Measuring transit supply is easier. It relies on data from municipal planning agencies as well as relevant municipal and county GIS departments, which manage spatial and geographic information, analysis tools and mapping products. These agencies measure variables that include numbers of transit stops, transit routes and frequency of service, as well as lengths of sidewalks, bicycle lanes and low speed-limit routes (which are relevant because some commuters may opt to walk instead of taking the bus).

Beyond city centers

Current research shows that transit deserts exist all over the country. Cities such as Chicago; Cincinnati; Charlotte, North Carolina; Portland, Oregon; and San Antonio contain multiple communities that don’t have enough transit services to meet existing demand. Even in older cities, where development tends to follow transit lines, there are neighborhoods where the supply of transit is simply not enough.

This is a large-scale problem. In San Antonio, the seventh-largest U.S. city by population, some 334,530 people – nearly one-fourth of the population – need access to public transportation in a city that doesn’t even have rail service. In Chicago, where there are high levels of transit dependency all across the city, just three of the transit desert neighborhoods that we identified house approximately 176,806 residents. Even in a city as progressive as Portland, Oregon, thousands live in transit desert neighborhoods.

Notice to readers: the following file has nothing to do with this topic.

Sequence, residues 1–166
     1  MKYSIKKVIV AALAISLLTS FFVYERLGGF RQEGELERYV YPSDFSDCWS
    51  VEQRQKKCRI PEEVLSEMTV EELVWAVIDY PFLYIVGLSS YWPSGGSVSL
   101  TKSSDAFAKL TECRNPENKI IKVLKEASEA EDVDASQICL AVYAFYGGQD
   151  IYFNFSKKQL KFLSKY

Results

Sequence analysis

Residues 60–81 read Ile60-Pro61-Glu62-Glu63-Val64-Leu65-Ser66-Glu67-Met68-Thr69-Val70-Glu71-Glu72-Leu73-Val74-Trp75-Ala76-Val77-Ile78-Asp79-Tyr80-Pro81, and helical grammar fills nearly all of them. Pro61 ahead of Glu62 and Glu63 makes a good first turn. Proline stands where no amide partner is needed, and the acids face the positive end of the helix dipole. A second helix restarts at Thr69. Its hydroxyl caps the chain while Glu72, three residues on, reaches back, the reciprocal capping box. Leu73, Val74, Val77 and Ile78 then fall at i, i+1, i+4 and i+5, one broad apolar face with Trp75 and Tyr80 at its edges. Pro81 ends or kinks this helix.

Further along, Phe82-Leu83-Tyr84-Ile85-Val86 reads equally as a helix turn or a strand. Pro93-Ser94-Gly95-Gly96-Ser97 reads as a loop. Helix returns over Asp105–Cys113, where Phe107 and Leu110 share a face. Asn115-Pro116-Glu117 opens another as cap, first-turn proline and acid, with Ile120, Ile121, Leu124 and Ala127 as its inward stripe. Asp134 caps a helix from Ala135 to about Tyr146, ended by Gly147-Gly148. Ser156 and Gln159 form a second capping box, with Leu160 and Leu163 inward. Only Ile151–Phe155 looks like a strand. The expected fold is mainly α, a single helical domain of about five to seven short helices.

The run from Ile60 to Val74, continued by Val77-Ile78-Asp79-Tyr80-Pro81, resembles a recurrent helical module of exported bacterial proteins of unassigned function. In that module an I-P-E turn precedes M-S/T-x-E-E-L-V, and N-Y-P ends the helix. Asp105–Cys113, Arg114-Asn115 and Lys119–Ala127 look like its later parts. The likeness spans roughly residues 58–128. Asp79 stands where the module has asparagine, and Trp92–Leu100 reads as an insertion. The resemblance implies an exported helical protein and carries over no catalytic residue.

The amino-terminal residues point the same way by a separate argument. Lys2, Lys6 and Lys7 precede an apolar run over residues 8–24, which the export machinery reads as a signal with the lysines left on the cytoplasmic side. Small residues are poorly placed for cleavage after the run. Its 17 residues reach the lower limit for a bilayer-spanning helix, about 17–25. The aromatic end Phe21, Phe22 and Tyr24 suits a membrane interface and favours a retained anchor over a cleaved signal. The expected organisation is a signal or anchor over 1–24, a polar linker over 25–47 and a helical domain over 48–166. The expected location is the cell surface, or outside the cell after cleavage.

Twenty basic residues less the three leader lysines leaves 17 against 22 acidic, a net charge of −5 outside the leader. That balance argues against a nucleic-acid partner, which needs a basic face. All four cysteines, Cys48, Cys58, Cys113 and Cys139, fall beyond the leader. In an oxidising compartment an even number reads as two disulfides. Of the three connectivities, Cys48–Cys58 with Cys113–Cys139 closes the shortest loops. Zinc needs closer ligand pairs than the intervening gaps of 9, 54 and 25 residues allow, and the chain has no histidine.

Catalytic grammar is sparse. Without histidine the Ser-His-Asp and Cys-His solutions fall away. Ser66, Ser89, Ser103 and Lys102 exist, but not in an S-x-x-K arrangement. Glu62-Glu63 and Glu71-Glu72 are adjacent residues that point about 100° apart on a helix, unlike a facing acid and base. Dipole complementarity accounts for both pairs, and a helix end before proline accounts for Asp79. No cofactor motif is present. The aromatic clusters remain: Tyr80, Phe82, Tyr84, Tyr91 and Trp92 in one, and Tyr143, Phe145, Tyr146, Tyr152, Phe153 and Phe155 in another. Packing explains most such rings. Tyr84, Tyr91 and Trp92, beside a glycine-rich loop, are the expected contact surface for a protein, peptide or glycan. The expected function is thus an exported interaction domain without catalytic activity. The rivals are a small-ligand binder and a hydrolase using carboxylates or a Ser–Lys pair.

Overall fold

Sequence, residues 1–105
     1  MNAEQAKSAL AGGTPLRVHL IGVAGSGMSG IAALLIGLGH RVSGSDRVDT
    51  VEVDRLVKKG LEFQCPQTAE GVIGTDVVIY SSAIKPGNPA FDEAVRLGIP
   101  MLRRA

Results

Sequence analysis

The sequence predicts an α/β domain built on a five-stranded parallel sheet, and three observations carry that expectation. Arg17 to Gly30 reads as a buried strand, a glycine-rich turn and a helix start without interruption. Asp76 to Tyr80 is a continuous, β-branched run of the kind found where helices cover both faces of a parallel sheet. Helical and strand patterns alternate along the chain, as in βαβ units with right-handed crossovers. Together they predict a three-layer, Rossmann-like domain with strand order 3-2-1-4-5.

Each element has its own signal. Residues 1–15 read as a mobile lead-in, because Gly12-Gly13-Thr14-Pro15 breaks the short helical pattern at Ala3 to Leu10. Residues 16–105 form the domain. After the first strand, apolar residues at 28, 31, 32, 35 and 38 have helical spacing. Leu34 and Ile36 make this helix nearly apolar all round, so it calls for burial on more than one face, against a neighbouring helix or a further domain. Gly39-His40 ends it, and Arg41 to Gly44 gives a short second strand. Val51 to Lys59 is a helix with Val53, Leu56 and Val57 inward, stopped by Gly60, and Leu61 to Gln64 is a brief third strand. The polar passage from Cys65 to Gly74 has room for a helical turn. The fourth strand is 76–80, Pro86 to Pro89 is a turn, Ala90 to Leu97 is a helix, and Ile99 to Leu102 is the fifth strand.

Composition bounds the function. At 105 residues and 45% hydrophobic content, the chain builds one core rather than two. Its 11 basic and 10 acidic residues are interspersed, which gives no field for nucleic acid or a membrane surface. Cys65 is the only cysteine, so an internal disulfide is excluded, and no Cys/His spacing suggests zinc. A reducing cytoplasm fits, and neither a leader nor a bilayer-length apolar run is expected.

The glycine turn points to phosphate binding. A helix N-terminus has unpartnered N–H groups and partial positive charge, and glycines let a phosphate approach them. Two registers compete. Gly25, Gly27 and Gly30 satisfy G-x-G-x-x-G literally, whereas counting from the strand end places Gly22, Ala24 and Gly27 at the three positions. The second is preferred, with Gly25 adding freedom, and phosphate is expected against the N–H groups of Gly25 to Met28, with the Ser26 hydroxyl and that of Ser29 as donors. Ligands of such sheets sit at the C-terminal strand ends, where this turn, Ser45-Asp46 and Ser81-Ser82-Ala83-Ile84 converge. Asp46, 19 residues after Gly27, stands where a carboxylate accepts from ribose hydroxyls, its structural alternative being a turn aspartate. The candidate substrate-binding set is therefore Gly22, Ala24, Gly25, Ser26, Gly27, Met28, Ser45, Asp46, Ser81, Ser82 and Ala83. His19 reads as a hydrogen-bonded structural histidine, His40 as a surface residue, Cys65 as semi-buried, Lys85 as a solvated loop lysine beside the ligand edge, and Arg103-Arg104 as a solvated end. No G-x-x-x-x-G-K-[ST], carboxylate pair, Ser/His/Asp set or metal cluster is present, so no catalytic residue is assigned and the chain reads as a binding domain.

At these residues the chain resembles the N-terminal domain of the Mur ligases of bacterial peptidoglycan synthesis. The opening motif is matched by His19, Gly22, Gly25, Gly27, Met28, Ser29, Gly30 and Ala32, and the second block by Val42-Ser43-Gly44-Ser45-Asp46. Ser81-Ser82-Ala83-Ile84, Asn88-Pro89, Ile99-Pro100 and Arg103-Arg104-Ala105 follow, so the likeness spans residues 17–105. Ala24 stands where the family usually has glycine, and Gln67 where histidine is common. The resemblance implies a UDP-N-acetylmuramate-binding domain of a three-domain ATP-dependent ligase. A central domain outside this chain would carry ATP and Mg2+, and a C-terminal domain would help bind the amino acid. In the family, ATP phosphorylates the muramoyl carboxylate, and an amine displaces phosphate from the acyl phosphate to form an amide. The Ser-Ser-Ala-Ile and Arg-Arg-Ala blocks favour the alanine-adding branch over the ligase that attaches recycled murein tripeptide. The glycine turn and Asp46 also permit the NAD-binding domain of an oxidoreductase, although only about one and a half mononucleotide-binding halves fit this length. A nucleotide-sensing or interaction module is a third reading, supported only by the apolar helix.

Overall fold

Transit desert analysis for the city of San Antonio. Negative numbers connote areas where demand for transit exceeds supply. Image: author provided.

When it comes to geographic location, transit demand and supply appear to follow certain spatial patterns. Unsurprisingly, transit supply is highest in city centers and decreases as distance from city centers increases. As a result, transit deserts do not typically occur in city centers or near downtown. In fact, because of the typical “hub and spoke” design of many transit services, city centers often have transit surpluses where supply outstrips demand.